There are two major elements to look at when examining a state’s government workforce—the number of employees and the level of their pay. Each element is measured relative to the national average and summed together to obtain an overall measure of workforce productivity. By this metric, Vermont has the sixth least productive state and local government workforce in the country.
On state and local government employment, Vermont has 17.96 employees for every 100 employees in the private sector which is 7.1 percent above the national average of 16.77 and is the 21st highest ratio in the country.
Additionally, on state and local government compensation, Vermont ranks very poorly with government employees earning 26.2 percent more than those in the private sector which is 124 percent higher than the national average of 11.7 percent and is the 6th highest compensation ratio in the country. The high compensation ratio compounds Vermont’s higher than average employment ratio.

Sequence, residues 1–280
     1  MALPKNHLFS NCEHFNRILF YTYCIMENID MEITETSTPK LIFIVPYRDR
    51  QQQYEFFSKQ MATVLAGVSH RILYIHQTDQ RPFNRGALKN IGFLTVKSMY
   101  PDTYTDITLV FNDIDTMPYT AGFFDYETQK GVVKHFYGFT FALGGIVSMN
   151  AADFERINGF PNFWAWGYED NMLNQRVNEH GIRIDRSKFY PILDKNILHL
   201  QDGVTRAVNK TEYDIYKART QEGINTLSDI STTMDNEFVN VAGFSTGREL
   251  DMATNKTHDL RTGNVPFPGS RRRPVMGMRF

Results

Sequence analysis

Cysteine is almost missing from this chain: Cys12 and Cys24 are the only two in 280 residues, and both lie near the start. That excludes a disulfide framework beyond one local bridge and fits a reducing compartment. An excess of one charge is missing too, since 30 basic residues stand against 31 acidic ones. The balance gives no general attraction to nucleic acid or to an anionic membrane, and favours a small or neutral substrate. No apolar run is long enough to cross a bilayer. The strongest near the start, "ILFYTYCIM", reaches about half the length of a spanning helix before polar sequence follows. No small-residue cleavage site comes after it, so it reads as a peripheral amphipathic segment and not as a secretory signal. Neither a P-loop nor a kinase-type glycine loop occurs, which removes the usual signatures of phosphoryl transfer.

On state and local wages and salaries, Vermont’s employees earn 4.3 percent more than those in the private sector—the 4th highest wages and salaries ratio in the country and higher than the national average of -8.8 percent.
On state and local benefits, Vermont’s employees earn 120.9 percent more than those in the private sector which is 5.1 percent higher than the national average of 115 percent and is the 9th highest benefit ratio in the country.
Note: Recent data updates include significant definitional changes, especially to benefits which are now based on an accrual basis as opposed to a cash-basis. The changes currently go back to 2000 so comparisons between pre- and post-2000 data must be used with caution.
Scott has nearly 20 years of experience as a public policy economist. He is the author, co-author and editor of over 180 studies and books. His professional experience also includes positions at the American Conservative Union Foundation, Granite Institute, Federalism In Action, Maine Heritage Policy Center, Tax Foundation, and Heritage Foundation.